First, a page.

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The dollar advanced across the board on Tuesday as financial markets re-opened after the Easter holiday and traders favored the greenback ahead of the release on Friday of U.S. gross domestic product data for the first three months of 2019.
The dollar index, which measures the greenback against six currencies, rose 0.34% to 97.622, its highest since June 2017. The euro was 0.33% lower at $1.1218 after briefly slipping below the $1.12 handle for the first time in nearly three weeks.
The dollar was supported by data on Tuesday that showed sales of new U.S. single-family homes jumped to a near 1-1/2-year high in March.
The data follow recent positive news on retail sales and exports which have eased concerns of a sharply slowing U.S. economy, analysts said.
"Today is certainly a good dollar day," said Minh Trang, senior currency trader at Silicon Valley Bank in Santa Clara, California.
"The dollar is coming in full force and we have seen somewhat of a lower trend on the euro overall," he said.
Friday's U.S. GDP data for the first quarter could strengthen the case that while the current period of global expansion is in its late stages, the United States is better placed than other leading economies.
"There's not a lot of fundamentals that support the dollar, it's more that there is a lot of concerns about the rest of the world," said Alfonso Esparza, currency strategist at OANDA in Toronto.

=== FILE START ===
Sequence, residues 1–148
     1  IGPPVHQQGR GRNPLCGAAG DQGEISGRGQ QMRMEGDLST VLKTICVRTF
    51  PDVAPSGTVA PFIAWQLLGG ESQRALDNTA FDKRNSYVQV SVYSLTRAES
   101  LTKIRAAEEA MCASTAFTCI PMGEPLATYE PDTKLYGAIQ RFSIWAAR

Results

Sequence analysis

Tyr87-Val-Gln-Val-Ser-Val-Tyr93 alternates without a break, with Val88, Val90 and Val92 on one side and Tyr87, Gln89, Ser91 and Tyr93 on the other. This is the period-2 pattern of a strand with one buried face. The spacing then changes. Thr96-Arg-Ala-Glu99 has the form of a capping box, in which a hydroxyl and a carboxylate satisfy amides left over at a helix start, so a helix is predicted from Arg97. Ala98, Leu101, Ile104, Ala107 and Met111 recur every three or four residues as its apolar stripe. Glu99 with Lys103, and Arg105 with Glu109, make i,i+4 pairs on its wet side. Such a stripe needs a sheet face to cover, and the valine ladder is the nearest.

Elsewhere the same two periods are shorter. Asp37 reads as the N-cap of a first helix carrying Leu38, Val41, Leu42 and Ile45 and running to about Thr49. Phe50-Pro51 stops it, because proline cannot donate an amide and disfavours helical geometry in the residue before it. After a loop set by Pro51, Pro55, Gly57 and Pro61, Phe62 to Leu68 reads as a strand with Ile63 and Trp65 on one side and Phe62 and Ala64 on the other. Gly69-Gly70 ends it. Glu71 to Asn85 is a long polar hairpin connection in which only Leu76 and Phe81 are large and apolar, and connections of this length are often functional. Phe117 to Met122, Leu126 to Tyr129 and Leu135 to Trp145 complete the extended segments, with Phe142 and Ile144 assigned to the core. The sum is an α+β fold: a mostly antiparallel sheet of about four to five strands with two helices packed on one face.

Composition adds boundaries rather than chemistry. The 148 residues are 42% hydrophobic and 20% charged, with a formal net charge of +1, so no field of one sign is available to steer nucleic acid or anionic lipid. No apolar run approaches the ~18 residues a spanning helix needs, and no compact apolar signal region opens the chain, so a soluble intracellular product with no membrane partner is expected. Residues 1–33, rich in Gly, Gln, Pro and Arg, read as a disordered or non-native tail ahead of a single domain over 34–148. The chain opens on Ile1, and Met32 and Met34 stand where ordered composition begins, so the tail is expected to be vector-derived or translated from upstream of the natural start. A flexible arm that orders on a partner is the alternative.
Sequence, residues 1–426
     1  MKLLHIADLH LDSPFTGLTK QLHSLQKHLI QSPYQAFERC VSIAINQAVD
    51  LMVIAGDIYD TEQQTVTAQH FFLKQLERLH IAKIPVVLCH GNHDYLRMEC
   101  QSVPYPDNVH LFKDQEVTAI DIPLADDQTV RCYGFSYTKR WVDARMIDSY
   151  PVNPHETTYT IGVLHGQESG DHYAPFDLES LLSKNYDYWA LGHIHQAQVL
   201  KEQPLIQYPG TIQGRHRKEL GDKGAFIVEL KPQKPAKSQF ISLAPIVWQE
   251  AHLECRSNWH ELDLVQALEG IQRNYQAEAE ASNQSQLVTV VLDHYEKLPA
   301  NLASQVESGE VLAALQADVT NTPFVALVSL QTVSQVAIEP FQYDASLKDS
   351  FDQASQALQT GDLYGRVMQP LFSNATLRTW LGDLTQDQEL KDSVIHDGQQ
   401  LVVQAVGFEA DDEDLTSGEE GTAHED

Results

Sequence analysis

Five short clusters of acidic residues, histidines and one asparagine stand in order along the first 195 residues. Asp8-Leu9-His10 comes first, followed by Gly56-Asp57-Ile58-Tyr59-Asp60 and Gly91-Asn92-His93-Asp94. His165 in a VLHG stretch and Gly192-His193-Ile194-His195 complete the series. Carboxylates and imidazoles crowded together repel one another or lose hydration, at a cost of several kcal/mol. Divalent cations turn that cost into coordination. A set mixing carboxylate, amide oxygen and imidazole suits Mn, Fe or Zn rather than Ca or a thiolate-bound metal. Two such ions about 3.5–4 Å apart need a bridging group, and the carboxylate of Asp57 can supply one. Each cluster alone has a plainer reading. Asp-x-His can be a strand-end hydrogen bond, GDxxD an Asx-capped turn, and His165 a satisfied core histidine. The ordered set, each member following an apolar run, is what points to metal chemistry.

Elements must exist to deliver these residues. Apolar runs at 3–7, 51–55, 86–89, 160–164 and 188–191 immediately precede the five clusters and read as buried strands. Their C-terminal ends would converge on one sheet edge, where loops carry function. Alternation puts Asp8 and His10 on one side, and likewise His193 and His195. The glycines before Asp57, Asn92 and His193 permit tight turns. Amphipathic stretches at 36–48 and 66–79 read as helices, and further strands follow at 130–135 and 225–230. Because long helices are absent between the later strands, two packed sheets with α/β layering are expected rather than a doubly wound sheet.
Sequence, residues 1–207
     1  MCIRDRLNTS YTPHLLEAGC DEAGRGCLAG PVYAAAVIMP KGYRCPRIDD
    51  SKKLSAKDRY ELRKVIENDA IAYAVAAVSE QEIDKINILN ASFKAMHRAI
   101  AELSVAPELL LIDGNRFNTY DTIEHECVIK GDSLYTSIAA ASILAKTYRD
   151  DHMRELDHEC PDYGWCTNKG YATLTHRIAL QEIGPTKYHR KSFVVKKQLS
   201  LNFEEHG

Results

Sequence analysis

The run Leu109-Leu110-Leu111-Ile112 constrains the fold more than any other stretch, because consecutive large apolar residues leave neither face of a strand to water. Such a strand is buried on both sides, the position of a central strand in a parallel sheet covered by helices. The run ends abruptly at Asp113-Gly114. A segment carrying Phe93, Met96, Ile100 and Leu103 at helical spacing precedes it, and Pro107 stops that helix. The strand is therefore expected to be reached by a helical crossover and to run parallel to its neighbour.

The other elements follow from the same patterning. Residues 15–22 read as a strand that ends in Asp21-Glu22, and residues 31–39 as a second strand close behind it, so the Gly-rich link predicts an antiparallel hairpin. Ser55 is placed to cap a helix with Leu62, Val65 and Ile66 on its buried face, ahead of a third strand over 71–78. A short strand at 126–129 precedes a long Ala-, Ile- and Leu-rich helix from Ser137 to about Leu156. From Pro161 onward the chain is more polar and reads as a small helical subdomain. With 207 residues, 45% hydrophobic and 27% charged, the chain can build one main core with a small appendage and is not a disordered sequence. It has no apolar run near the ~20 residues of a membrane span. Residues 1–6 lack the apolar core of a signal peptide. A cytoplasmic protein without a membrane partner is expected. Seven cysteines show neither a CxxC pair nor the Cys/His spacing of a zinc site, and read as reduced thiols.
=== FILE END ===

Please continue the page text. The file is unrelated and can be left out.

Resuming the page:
An uptick this week in oil prices on news of U.S. plans to tighten a clamp down on Iranian oil exports from next month is also a positive for the dollar, said Silicon Valley Bank's Trang.
"If we do see a follow-through from higher oil prices to a little bit higher inflation I think you will see the Fed be in a position to be more stable with maintaining rates and eliminating any kind of conversation about rate cuts," he said.
With the U.S. Federal Reserve on pause with interest rate hikes there has been some talk that the Fed will need to cut rates before long.
Sterling slid to a two-month low as hopes for a breakthrough in Brexit talks between the ruling and opposition parties faded and British Prime Minister Theresa May faced growing pressure to quit.
The Canadian dollar weakened to a nearly four-week low against its U.S. counterpart on Tuesday as investors awaited a Bank of Canada interest rate decision on Wednesday.